7 Reasons Why Żurrieq Is Malta's Hidden Gem
Of palaces and coastal views...
Shout-out to Żurrieq, a quiet town on the almost-but-not-quiet-so-southern edge of Malta. Between its picturesque views and rich history, and the slew of people thinking "hemm fejn jigi?", this age-old hometown deserves more than a little love.
1. It's old AF
Żurrieq as we know it today dates back to the beginning of the 15th century, when it comprised of several now-defunct villages including Bubaqra, Hal-Lew and Hal-Manin, as well as the present-day village of Qrendi (which became a separate entity more than two-hundred years later).
2. There's archaeology for days
No stranger to archaeological treasure troves, Żurrieq began unearthing the past as early back as 1885, when a Phoenician tomb containing pottery and human remains was discovered in an area known as Ta' Danieri. Other findings include the cart ruts of Tal-Bakkari, a number of Punic-Roman towers, and Paleo-Christian tombs.
3. You can visit a traditional working mill
One of four windmills still standing in Żurrieq and the only one in working order complete with sails, the Xarolla Windmill dates back to 1724 when it was built on the orders of Grandmaster Manoel de Vilhena. As of 1992, it is one of the only remaining traditional windmills in Malta and Gozo, with parts of its original mechanism still in play.
4. Palaces and towers are a thing here too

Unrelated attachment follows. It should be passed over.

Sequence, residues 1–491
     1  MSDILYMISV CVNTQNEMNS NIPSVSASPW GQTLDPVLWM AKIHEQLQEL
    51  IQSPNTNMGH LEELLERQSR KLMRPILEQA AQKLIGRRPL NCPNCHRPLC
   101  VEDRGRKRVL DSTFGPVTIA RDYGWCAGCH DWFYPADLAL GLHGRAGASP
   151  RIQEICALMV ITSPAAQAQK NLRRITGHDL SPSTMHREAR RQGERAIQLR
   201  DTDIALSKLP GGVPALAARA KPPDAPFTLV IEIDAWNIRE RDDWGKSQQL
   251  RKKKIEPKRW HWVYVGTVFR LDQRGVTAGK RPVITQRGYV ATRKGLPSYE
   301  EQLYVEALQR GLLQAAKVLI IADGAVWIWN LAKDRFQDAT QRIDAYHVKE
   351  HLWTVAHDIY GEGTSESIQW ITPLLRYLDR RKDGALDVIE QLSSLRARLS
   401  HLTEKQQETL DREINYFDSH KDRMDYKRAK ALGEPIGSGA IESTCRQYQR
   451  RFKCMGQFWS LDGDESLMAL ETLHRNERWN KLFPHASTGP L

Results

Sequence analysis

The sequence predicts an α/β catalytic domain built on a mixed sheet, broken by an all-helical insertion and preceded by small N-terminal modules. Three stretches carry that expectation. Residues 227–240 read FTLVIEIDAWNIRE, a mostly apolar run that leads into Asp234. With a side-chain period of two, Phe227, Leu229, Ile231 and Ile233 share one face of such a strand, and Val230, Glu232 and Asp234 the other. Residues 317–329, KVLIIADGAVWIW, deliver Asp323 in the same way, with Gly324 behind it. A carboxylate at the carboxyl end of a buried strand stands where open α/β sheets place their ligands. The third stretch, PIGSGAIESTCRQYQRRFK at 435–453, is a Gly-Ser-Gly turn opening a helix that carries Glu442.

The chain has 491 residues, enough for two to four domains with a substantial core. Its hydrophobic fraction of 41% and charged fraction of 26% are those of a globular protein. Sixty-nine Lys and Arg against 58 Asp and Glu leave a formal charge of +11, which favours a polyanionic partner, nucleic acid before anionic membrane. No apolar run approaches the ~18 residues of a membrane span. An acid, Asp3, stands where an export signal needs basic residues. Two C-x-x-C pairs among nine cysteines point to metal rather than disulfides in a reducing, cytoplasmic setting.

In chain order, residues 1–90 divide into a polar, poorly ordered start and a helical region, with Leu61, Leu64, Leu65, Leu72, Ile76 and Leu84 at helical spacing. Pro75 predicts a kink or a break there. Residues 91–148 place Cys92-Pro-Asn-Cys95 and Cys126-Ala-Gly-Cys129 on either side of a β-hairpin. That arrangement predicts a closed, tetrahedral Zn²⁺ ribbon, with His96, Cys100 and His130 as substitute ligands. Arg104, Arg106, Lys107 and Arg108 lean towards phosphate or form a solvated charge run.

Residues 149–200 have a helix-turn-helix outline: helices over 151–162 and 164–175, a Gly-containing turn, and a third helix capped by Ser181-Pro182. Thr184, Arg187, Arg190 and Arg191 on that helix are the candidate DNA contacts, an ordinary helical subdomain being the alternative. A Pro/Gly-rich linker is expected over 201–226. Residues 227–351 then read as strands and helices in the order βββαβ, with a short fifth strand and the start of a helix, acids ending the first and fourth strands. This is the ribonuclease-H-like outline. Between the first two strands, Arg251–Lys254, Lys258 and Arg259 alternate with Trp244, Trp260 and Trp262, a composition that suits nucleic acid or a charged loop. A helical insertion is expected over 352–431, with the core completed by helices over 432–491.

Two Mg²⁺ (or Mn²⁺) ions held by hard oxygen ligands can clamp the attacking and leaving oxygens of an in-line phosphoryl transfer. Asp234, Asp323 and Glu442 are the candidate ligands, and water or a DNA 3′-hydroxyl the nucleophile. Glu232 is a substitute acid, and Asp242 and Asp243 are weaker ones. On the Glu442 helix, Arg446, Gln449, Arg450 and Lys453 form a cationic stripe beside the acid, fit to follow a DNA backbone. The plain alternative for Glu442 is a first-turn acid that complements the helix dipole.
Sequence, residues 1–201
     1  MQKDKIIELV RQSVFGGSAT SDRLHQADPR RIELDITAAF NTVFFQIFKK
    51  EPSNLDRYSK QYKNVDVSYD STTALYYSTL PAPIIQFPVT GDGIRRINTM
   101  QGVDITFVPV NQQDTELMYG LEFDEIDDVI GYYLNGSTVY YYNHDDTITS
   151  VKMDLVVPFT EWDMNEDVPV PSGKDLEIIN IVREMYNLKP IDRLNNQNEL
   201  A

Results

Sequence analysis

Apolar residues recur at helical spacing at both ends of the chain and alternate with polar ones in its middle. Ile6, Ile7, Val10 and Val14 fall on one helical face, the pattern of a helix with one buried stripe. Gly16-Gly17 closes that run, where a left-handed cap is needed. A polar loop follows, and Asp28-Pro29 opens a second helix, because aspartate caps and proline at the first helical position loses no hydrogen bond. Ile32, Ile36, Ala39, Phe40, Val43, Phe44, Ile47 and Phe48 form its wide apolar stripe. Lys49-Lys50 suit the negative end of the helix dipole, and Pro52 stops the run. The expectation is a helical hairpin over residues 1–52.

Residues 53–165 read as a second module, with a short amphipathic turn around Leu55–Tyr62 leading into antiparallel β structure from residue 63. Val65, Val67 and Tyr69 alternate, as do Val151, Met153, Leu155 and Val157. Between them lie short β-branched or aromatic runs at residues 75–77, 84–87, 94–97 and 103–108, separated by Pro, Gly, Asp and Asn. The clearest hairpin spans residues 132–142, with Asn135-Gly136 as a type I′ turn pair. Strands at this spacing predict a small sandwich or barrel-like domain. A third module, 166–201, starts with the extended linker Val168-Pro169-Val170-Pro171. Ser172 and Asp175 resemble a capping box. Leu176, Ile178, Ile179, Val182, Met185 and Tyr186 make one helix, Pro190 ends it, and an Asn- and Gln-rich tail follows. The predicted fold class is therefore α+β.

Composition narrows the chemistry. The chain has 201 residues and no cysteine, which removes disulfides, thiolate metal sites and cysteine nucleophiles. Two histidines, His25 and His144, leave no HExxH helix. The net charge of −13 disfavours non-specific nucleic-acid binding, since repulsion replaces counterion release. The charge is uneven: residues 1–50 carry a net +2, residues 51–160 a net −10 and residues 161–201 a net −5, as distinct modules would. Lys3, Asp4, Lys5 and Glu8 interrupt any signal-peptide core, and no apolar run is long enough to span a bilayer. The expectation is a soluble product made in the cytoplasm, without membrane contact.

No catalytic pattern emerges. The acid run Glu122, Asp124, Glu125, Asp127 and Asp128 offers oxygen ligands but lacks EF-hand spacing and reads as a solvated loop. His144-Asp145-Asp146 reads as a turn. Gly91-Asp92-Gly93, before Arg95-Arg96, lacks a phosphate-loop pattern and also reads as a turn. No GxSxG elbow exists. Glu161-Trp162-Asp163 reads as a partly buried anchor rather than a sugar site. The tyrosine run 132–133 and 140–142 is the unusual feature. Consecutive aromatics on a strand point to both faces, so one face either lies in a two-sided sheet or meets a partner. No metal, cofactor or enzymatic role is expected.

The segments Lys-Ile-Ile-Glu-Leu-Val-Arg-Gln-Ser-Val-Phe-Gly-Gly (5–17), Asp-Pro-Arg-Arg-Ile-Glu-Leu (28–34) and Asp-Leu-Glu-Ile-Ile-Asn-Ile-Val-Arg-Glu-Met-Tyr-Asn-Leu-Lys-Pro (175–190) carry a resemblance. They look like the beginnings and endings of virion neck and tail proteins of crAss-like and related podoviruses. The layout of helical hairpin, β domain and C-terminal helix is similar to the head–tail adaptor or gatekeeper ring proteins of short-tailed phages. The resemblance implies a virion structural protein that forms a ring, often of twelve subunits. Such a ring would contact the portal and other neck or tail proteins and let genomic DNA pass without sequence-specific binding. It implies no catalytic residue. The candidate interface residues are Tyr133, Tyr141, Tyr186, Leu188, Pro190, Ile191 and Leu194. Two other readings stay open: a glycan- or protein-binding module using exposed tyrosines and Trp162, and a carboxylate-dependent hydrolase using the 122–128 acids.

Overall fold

Palaces and towers are a thing of Malta's old cities, but Żurrieq has its fair share too. Nigret Palace (now doubling as both a convent and an orphanage) was originally built in 1715, and includes a baroque-styled chapel. A second palace, known to locals as It-Torri ta' Bubaqra is now a private residence.
Żurrieq also has its own coastal watchtower, the Wardija Tower. It was orginally called Torre della Guardia del Giorno and was completed in 1659 on the orders of Grandmaster Martino de Redin.
5. There's an uninhabited islet you can visit (kind of)
Filfla: remember that spit of land? As an administrative division of the town, both it and neighbouring Filfoletta Rock technically fall under Żurrieq's jurisdiction. The islet has its own fair share of history, with historical records pointing to evidence of a chapel being built inside a cave as early as 1343. It was used as for target practice by the British Royal Navy and Royal Air Force until 1971, and is now a bird reserve and a marine protected area, with visits to the islet only allowed on special request.
6. This town has its own party district
Yes, you read that correctly. The Warehouse Club opened its doors way back in 2015, and is perfect for all your underground/rave junkies or someone looking out for the local alternative music scene.
7. You can pick a new jogging route every day
Żurrieq and its neighbouring towns and villages are brimming with sprawling countryside and long coastal walks, making it the perfect place for your morning run or an evening walk. Why not visit the belvedere and look over the Blue Grotto, or take a slow jog through the fields at sunset; we know some great real estate agents if you're considering a move there too.